Continue reading

Email to City Council Members (Barbara Scott)

September 1, 2015
As a 26-year resident of Chaney Road within a block of part of the proposed street improvements under Petition 1351, I wish to voice my opposition to the proposed changes to our neighborhood.
I bought my house on Chaney Road in 1989 because of the neighborhood’s appeal. Despite it’s location within a half mile of what was then called “the Beltline,” now I-440, the Lorimer and Chaney Road blocks just off Western Boulevard had a rural appeal with narrow tree-lined streets unobstructed by sidewalks or curbs. I’ve enjoyed safely walking, biking, and jogging in the area for the past 26 years.
As the quality of life in Raleigh has changed with major population growth, our neighborhood has somehow managed to keep its appeal. Everyone who visits my home remarks on the arch of trees over our narrow streets and the sense that they have stepped into a quiet safe haven from the litter, speeding cars, and crowded streets that have begun to mark our city.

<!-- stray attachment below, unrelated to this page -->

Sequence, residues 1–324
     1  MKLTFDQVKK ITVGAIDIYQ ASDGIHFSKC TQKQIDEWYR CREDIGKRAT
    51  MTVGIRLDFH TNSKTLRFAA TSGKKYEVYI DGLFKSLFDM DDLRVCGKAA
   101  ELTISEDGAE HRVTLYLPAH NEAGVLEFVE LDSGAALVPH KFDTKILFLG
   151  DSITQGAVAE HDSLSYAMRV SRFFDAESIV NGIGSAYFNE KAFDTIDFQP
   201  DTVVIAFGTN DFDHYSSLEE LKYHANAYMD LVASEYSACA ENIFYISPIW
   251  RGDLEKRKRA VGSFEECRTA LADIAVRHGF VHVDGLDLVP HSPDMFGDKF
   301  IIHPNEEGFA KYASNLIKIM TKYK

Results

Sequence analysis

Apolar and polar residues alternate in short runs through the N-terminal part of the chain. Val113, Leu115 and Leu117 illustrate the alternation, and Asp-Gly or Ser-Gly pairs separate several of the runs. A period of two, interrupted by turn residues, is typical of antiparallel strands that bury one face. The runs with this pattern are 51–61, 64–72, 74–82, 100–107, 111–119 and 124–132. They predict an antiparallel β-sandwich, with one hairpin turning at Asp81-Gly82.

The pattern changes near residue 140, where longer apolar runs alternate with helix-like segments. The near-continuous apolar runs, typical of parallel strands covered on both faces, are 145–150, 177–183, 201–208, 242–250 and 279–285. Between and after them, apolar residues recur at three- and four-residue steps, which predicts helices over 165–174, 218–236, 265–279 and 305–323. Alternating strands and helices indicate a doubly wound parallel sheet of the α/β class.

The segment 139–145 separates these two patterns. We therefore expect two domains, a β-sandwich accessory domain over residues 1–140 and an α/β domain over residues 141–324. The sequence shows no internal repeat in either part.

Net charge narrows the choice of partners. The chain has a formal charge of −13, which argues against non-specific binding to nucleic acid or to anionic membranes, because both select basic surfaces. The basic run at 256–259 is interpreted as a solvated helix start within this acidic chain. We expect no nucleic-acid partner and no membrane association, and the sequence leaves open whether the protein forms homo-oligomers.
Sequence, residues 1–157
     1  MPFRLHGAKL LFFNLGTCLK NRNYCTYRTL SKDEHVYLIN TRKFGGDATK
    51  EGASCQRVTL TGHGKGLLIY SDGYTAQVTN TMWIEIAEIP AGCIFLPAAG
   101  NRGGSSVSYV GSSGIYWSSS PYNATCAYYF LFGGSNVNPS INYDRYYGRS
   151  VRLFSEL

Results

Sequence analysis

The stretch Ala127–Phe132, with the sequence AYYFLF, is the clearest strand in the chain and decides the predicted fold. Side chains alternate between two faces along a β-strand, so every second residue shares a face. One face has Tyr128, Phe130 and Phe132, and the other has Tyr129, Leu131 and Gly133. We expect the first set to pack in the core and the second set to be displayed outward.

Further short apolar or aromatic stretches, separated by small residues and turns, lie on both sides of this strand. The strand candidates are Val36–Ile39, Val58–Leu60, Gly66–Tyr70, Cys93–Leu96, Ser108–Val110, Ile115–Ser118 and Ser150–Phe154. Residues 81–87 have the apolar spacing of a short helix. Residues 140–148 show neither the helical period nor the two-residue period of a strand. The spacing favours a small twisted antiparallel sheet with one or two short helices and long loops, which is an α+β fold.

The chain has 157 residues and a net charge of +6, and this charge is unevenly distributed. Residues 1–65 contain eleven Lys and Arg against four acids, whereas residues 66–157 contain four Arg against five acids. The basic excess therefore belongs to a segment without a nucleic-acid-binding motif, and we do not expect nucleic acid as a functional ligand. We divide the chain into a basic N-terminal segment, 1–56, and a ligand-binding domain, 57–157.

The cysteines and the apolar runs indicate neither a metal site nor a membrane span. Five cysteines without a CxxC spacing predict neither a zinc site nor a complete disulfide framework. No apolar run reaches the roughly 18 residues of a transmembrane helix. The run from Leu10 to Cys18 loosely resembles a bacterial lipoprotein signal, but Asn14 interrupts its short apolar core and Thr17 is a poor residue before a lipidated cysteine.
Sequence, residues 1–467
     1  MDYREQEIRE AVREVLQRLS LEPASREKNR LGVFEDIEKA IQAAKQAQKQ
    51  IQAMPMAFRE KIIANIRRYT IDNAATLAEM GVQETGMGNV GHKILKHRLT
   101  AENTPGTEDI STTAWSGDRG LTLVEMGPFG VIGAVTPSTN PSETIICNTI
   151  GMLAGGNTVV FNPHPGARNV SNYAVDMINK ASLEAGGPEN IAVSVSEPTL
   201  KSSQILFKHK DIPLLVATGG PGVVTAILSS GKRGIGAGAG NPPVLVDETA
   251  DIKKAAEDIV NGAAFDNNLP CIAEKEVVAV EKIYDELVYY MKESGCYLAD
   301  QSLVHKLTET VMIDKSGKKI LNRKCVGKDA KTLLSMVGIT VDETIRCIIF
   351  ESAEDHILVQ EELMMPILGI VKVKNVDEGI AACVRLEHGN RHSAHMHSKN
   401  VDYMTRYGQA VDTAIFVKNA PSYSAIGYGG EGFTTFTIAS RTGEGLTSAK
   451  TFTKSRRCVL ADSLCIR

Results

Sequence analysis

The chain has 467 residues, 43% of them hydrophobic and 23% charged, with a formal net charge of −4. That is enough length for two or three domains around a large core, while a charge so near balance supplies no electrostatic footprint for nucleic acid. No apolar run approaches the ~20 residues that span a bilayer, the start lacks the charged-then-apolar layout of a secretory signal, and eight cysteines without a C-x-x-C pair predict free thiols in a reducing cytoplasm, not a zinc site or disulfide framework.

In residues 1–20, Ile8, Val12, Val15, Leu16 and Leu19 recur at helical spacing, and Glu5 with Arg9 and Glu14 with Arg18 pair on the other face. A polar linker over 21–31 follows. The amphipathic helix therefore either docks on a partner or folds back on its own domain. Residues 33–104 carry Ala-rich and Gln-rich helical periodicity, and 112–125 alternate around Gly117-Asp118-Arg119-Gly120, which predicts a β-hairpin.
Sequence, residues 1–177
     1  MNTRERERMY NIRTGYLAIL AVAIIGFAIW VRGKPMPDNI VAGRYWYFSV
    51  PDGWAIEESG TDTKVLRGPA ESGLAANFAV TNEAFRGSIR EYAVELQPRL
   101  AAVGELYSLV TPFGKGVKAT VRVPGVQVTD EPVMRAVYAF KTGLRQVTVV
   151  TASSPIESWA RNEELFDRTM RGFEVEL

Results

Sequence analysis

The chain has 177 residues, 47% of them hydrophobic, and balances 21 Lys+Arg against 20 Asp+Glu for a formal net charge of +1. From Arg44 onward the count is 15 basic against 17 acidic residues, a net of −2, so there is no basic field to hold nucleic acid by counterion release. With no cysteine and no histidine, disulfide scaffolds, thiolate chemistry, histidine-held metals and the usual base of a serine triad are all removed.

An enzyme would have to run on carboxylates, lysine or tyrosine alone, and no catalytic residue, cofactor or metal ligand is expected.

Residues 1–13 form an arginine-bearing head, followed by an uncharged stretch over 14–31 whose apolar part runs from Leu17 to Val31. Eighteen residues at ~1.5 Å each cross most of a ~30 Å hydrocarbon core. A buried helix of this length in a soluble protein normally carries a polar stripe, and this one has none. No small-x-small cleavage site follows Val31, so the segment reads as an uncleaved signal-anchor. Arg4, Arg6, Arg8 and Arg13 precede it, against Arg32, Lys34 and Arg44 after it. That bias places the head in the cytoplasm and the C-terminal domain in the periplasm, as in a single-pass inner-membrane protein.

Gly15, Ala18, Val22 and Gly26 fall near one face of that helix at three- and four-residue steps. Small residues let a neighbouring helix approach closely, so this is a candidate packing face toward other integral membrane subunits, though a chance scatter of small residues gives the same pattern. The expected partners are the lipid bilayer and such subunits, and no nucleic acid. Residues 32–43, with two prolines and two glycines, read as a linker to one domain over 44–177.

All of that will change for those who live on Lorimer Road, roughly half of what I call my neighborhood, if Petition 1351 is approved. The area covered by the petition leaves out an entire block of Lorimer–the first block that dead-ends on Western Boulevard. What’s the reasoning behind starting improvements at Garland Drive? This starting point seems to be arbitrary when the petitioner lives in a neighborhood two blocks farther down off Lorimer Road and southwest of the Onslow Road intersection.